broken. and he still managed to prevail in this battle. and so in his own mind i think he says i have a sense of how the campaign ought to be run. we know he has a communication style that's different than most candidates have ever had. and it has been successful up to this point in getting him to where he is. but a general election is a much bigger enterprise. and in part because you are the head of the party, not simply a person trying to become the nominee. it is incumbent on to you do some other things to try to make sure that there is a full scale organization, and adequate amount of money, and in a sense the data and sophistication of a modern campaign that a major political party should expect of its nominee. so he's a long way from that. i mean they are moving to obviously beef up the campaign. but when he talks about things in the way he does, he's essentially saying i'm still prepared to run a much different
campaign than we have seen or than the republicans might have expected with a different nominee. >> what kind of vice president do you think he's looking for? he says he's looking for insiders. >> yes. >> i think that's obvious, that he's going to want to try to go inside. but you know, he's indicated he wants someone with legislative experience. does that mean he's going to go fix somebody who is currently in congress. does it mean he could pick somebody who has had legislative experience in the past and you know, i mean a john kasich who has said repeatedly he will not take the job, but john kasich has both executive and legislative experience. you know, i think he's going to want somebody who has some political chops. but as to who that would be, and who exactly is prepared to serve with him, i don't think we really know. he said he's got a short list of five or six people. yohave to take him at his word that he's got that.
but i will be curious as to who it is going to be. he indicated we're not going to know the answer to that in the next couple of weeks. >> until the convention. >> yeah, yeah. so there is a long way to go on that. >> turning to the democrats, bernie sanders continues to win primaries. >> he sure does. and he will probably win a couple of more. he very well could win a couple of more. i think the clinton campaign has always thought that until they get to that june 7th date when you've got california and new jersey and some other states, that some of these interim stops on the trail would be more favorable to bernie sanders. and they certainly were on tuesday night. so it, you know, it keeps the energy going in his campaign. it provides him with at least some rational to say he's going to keep fighting. he obviously has to make a turn at some point to figure out what his convention strategy is going to be. and what his final strategy is going to be. because it sure doesn't look like he's going to be able to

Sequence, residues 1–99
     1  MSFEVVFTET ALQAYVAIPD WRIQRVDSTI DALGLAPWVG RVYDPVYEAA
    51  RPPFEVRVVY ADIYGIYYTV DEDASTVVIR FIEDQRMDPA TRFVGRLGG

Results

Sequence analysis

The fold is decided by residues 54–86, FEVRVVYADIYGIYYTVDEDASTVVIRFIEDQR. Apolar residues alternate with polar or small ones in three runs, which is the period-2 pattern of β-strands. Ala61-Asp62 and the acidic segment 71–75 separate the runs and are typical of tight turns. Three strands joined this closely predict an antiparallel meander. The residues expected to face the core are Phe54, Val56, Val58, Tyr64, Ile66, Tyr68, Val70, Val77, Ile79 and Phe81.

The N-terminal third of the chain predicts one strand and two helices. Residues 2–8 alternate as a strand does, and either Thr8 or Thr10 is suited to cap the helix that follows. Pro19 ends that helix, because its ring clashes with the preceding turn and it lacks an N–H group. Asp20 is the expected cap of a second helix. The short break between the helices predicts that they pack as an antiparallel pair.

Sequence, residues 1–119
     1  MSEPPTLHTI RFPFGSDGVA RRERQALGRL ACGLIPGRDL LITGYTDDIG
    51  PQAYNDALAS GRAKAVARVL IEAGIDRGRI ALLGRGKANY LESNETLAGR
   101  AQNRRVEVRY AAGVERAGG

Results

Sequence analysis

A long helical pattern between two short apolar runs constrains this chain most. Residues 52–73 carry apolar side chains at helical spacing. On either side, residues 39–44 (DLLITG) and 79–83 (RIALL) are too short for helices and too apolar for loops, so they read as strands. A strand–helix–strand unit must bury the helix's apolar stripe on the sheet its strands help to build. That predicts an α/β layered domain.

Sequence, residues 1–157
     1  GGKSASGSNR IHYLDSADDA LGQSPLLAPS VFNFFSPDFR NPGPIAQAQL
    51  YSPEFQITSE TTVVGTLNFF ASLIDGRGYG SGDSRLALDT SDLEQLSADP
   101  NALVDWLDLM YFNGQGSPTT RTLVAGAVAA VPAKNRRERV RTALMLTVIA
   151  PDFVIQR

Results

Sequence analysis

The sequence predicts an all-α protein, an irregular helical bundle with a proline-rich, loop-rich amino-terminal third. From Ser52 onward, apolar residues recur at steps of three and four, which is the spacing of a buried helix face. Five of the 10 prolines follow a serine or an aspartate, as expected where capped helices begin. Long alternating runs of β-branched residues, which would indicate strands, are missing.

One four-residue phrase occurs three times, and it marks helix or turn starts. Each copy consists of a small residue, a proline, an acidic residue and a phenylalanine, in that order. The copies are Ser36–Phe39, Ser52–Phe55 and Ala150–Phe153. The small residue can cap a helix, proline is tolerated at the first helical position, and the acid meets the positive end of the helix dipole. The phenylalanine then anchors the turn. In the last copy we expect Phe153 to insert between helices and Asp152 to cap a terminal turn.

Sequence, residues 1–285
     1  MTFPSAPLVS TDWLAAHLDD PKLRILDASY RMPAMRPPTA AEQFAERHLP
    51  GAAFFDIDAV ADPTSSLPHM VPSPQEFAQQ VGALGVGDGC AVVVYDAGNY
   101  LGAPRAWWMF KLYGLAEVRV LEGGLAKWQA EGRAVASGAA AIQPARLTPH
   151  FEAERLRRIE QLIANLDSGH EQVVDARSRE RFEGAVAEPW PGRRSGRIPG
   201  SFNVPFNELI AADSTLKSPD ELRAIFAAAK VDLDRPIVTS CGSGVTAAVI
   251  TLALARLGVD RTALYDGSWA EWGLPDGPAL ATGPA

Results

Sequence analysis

convert superdelegates to his side. but you know, it continues to cause a problem for hillary clinton, that she will have to resolve once they get to the convention and head to the general election. the sanders supporters are not fully bought in to hillary clinton's campaign yet. >> rose: in a significant way if you look at the exit polls. >> yes. and i think that the longer this has gone on, and the more fight that bernie sanders has shown, and in a sense the more support he's been able to demonstrate within a big chunk of the party, makes it all the more difficult for her to have an easy time putting the party back together. you know, this is a normal-- this is a normal process that any nominee has to do after a hard-fought campaign. but there is a gulf between the sanders supporters and the rest. party, or the other parts of the party. and i think that has become a
bigger problem over time than the clinton campaign would have thought if we were talking two months ago or three months ago, certainly. >> rose: and we just saw her this week move on med i care to a position a little bit left of where she had been and closer to where he wants to go. >> yes, she-- you know, she's continued to do that. he has pulled or pushed or whatever word you want to use, pushed her to the left. and she has continued to do that. i think in some ways that's the reality of where the party is. and it also may be vital to what she neats to do to win the election. i mean i think that turning out the democratic vote will be first and fore most her priority. and as opposed to trying to get swing voters of whom there probably aren't going to be that many in this election. and we know that the democratic party is a more liberal party today than it was eight years ago. and certainly when her husband